“OME”: the New Mantra for Precision Mental and Physical Health
Mar 30, 2016 09:06PM
by Dr. Charles GantHolistic health is maturing into a new understanding of the connection between mental and physical health, known as the “Omics” Revolution. Omics aims at a holistic and collective characterization and quantification of pools of biological molecules that translate into the structure, function, and dynamics of an organism or organisms.
Let’s look at how this applies for anxiety and depression. Previous Natural Awakenings articles (October 2014 and April 2015) outline certain risk factors or causes which must be diagnosed and addressed. These include: chronic infections in the mouth, the GI tract (parasites, bacteria, yeast), the sinuses (fungal) and blood via insect-injected (like Lyme Zika); allergies, like gluten or celiac; toxins, the chemicals and heavy metals like mercury or lead poisoning; poly-pharmacy toxicity which is the taking of many medications at the same time and even regular psychotropic drug use, both illicit (e.g., cocaine), recreational (e.g., alcohol) or prescriptive (e.g., codeine or sedatives).
One can also look at causes for depression from metabolic disturbances (hypoglycemia), from endocrine imbalances like testosterone deficiency, nutritional deficiencies, like neurotransmitter imbalances from amino acid precursor deficiencies and deficiencies for specific vitamins and minerals, brain neuroplasticity distortions from essential fatty acid imbalances and oxidative stress, gastrointestinal imbalances from mal-digestion. Finally, genetic quirks called SNPs or single nucleotide polymorphisms can seriously predispose some people to various imbalances - including addiction, depression and anxiety. These causes of depression are also the causes for all chronic psychiatric disturbances, and for that matter all chronic medical problems.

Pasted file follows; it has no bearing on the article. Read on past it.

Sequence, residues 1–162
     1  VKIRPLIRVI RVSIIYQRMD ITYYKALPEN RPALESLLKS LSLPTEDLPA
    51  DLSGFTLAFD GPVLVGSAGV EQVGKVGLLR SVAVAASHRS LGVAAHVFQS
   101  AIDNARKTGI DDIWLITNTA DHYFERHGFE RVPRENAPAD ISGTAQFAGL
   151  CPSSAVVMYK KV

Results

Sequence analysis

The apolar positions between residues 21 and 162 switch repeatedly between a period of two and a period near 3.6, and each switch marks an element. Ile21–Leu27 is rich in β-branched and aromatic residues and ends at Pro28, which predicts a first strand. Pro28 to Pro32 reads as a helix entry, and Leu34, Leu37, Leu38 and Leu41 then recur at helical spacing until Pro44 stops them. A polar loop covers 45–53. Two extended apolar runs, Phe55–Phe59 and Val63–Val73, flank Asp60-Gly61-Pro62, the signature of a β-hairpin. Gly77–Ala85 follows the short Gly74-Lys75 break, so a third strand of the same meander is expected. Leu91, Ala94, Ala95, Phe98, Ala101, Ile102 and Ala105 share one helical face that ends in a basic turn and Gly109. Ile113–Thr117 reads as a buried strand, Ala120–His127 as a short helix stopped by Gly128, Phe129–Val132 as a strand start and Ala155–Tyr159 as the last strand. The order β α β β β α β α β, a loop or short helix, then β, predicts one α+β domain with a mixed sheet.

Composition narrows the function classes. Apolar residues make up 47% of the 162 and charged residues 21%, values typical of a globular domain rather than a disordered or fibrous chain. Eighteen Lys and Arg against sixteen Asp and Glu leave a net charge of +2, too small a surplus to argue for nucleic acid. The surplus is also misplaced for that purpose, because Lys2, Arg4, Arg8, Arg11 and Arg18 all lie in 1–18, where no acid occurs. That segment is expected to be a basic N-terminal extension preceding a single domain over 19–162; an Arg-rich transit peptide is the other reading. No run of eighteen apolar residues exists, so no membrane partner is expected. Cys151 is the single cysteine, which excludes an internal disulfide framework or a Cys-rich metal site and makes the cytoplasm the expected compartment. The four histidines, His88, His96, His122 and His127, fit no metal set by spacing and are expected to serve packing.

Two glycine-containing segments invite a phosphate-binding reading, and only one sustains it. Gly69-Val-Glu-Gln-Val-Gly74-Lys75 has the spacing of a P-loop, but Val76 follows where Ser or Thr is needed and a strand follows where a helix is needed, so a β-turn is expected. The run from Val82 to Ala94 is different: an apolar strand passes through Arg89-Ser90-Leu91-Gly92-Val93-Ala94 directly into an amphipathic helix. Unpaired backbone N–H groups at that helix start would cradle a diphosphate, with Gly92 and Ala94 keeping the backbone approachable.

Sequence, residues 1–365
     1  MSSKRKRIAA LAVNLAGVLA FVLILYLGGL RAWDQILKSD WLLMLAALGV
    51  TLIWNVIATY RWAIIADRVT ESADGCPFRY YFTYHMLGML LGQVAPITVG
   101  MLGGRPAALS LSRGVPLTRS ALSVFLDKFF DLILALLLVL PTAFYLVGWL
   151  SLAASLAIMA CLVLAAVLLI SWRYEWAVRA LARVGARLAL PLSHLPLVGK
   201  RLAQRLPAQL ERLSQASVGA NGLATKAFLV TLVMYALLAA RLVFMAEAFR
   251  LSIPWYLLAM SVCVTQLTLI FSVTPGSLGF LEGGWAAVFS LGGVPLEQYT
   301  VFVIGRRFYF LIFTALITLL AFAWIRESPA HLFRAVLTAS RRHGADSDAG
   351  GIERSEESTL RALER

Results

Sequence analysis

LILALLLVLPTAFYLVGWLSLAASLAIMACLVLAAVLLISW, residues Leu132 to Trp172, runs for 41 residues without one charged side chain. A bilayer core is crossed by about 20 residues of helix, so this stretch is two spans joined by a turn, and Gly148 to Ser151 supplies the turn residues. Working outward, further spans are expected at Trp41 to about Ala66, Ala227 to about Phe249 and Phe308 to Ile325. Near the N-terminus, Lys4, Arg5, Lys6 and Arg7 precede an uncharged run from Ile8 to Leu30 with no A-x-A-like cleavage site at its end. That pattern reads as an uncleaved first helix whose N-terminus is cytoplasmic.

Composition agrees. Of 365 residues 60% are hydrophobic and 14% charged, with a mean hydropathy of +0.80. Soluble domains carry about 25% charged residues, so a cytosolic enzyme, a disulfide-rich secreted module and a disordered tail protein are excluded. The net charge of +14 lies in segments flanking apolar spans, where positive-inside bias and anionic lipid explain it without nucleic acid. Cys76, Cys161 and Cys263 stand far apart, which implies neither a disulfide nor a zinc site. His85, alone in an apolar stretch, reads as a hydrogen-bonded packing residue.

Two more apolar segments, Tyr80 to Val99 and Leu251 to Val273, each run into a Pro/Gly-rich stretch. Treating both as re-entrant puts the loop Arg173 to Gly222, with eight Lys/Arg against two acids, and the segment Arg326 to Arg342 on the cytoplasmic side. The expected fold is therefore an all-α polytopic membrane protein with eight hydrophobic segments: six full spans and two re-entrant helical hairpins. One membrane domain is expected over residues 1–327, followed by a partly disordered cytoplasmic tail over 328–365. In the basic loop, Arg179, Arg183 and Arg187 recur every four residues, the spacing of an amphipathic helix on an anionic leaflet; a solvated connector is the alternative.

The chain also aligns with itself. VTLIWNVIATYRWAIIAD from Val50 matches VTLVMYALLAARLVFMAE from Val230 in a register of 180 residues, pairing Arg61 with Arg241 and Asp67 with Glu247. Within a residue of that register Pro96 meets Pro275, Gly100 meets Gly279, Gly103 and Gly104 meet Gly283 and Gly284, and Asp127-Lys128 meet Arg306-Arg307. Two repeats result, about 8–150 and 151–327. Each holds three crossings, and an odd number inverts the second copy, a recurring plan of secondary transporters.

With the advent of the Omics Revolution, precision medicine doctors are addressing the ecology, also known as the environment and relationships, within the body in the same way they address the ecology of the rainforest.
The four main types of Omics are:
- Genomics—changing the structure, function and dynamics of genes and genetic expression
- Neuromics—changing the structure, function and dynamics of the brain
- Metabolomics—changing the structure, function and dynamics of the metabolism
- Microbiomics—changing the structure, function and dynamics of the gastrointestinal (GI) tract
Why all the excitement and ads about gene testing? Because 100’s of quirky genes called SNPs (single nucleotide polymorphisms) in the genome can now be inexpensively tested, and they can be modified to improve the expression of the neurome (brain), microbiome (GI) and metabolome (metabolism).
If a patient seeks help for an “intestinal problem,” that problem probably isn’t the intestines at all. The problem is far more likely to be caused by an ecological imbalance in the biomass of organisms living in your intestines. This is called the microbiome, which incidentally contains 90 percent of the cells of the body and houses 99 percent of the body’s DNA.
Researchers are also now finding how this can be related to the individual’s genome. For example, if the FUT2 SNP exists in their genomic profile, short chain oligosaccharides (short "starch chains") are not made by the cells in the intestines to feed the good flora, and the person is susceptible to Crohn's disease and irritable bowel syndrome (IBS).
The solutions for anxiety, depression and major health challenges have now arrived. The technical name is the Omics Revolution, and “Ome” is the basis of the new Precision Medicine and holistic well-being.
Dr. Charles Gant, M.D., Ph.D. an internationally known author and integrative/functional medicine physician, addresses the root causes of chronic medical and psychiatric disorders, unique to each patient. For more information, call 888-727-6910 or visit InternationalPrecisionMedicineAssociates.com.
Dr. Gant will be offering a free live talk/webinar at The Smith Center for Healing and the Arts, 1632 U St., NW, from 1 to 3 p.m. on April 23. For more information, visit SmithCenter.org